In The South

OPINION: Sam Trans Man – what lies between?

Besi Besemar July 28, 2018

Dr Samuel Hall on the artificial chasm that splits the human race in two.

I WAS at a dinner party last night. A great and old friend, renowned for her fabulous catering, put on a pretty impressive do to celebrate her 50th. She is one of a circle of friends from my pre-transition days who are really accepting of my new life, have embraced my amazing partner and her family, and really help me to take myself seriously as a man.

Why is this so important? When I realised I was transgender, which happened at the tender age of three, I had no language for it. I remember knowing that I was different from my younger sister. I can remember that I couldn’t understand why, and was really distressed by having to wear the same kind of clothes as her.

I remember a friend, a boy, who was allowed to wear the clothes I wanted to wear. Who had the toys I wanted and was treated differently from his little sister. I couldn’t understand why this should be the case. I was the same as him, I knew I was, but for some reason my mother insisted on treating me like a girl.

I’ll never forget the day we took our pants down to compare the contents. This was the day I realised that not having a penis, something I’d become aware of, was going to be a problem. Was, in fact, the problem. This was the gender divide at work. My genitals, at the moment of my birth, were the sole dictator of my destiny.

It was because of my genitals that I was expected to play with dolls, wear dresses and skirts, and enjoy ballet classes. I was dragged to the latter, forced into the clothes against my will, and just plain refused to engage with the former, preferring to have no toys at all than be seen as a girl. I was adamant that I be allowed to live in the blue box, not the pink one.

I was a single-minded child. I screamed blue murder when I went to school and encountered gendered toilets for the first time. I became a school refuser, anything to avoid the horror of being forced into the wrong box. I learned that my name ‘Lisa’ was something that denoted the team I’d been placed in, and I learned to hate my name. I’d been put in the wrong team, and although over time, my parents became more tolerant of my peculiarities, they never actually allowed me to live as a boy.

I was eventually allowed to dress, do and play as the boys did (my friends were all boys) but I wasn’t allowed to actually say I was a boy. I can still feel my mother’s hand on my shoulder, outing me before I had a chance to give my chosen name ‘Lee’. “This is Lisa, she’s a tomboy”. I was so ashamed. For years I thought I was or had been ashamed of being a tomboy. But now I know I was ashamed of being found out, ashamed that in that seemingly harmless sentence, my mother was inadvertently letting people know that I didn’t have a penis.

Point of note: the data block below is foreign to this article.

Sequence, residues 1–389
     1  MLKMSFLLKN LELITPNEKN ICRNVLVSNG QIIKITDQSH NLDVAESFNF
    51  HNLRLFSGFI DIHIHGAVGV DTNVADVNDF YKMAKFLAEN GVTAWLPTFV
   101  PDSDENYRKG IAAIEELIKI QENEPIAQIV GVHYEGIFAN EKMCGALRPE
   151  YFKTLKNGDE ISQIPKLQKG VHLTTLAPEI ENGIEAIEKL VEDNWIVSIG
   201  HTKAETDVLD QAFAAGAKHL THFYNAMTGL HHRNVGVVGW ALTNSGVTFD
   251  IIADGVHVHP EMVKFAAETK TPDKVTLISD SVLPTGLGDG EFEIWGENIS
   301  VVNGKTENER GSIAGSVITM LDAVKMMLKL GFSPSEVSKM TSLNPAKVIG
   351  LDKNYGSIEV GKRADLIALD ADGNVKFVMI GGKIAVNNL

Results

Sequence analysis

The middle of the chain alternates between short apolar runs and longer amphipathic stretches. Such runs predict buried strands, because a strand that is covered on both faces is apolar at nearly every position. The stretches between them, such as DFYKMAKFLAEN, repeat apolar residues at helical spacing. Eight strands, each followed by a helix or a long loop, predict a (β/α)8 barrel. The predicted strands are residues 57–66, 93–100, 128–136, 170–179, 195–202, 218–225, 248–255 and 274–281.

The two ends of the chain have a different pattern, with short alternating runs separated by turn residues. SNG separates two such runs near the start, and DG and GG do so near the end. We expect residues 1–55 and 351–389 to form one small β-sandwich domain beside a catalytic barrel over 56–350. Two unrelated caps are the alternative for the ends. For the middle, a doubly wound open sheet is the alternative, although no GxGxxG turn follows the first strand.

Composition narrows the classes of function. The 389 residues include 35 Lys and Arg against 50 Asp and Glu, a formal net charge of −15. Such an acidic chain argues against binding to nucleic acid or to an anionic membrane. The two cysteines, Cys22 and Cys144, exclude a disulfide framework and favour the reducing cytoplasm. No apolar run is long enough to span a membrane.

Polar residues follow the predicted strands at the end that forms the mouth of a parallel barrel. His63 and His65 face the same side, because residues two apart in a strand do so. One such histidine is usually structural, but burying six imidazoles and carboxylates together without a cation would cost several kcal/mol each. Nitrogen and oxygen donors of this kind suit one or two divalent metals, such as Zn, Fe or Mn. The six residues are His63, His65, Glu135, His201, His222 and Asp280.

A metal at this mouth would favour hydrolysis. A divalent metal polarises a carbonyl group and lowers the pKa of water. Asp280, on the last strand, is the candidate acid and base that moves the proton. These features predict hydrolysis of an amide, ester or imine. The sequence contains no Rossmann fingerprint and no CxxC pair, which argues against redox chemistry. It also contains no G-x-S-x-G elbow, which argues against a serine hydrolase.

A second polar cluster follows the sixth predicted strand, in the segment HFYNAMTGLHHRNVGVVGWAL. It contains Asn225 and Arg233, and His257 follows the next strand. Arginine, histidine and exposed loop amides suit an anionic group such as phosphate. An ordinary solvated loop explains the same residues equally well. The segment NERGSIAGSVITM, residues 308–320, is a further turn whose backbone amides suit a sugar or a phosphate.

In the context of today’s debate about gender, whether it truly exists or not, how nurture is likely to be the strongest determinant of behaviour rather than the DNA blueprint, or nature; how the opportunities we’ve always regarded as better suited or appropriate for men, or women, are not really as gender-specific as we’d like to think; on a background of understanding more and more about biological variation and the different bodies that we are all born with, including intersex people, it hardly seems right that we should make sweeping decisions about a child’s future based on what lies between their legs at the moment of birth.

This artificial chasm that literally splits the human race in two, is both oppressive and one-sided in terms of favour, and which is deeply damaging to humanity, affects each and every one of us from the moment we’re born, if not some months before when the ultrasonographer reveals this all-important details to our expectant parent(s).

How is it that our sexed bodies are allowed to carry so much weight in terms of options and choices later in life? From the earliest moment a child labelled ‘girl’ will be spoken to, thought of, reacted to, played with, shouted at, held, guided and pointed in a different direction to her male counterpart, the so-called ‘boy’. He in turn will be expected to conform to another set of rules, the majority of which he will learn so early in his life he doesn’t remember learning them at all. And so it goes on.

The gender divide is almost unquantifiable in magnitude, and not quite possible to separate from biology because there are legitimate differences in the sexed bodies of humans. The differences, however, are not as significant as we think – there is more biometric variation (height, weight, physical strength etc) within the sexes than between them.

So thinking back to those painful childhood days, had I not been placed in a silo based on biological variation but rather been allowed to express myself freely, had there not been a rigid framework within which I was expected to live, would I have developed differently? I rather think not. My distress at not having a penis wasn’t because I wanted to be a boy and couldn’t, it was because I was a boy and wasn’t allowed to be.

This may seem or sound like a trivial distinction, but everything hangs on this point alone. The sense of being invisible was because I was constantly being shamed for not having my penis, a fact which has completely revealed itself in the loss of shame I feel now that I do have a penis. I needed to know when I chose to have this surgery, that I was doing the right thing for myself, morally, ethically, clinically and psychologically.

Now I know I was.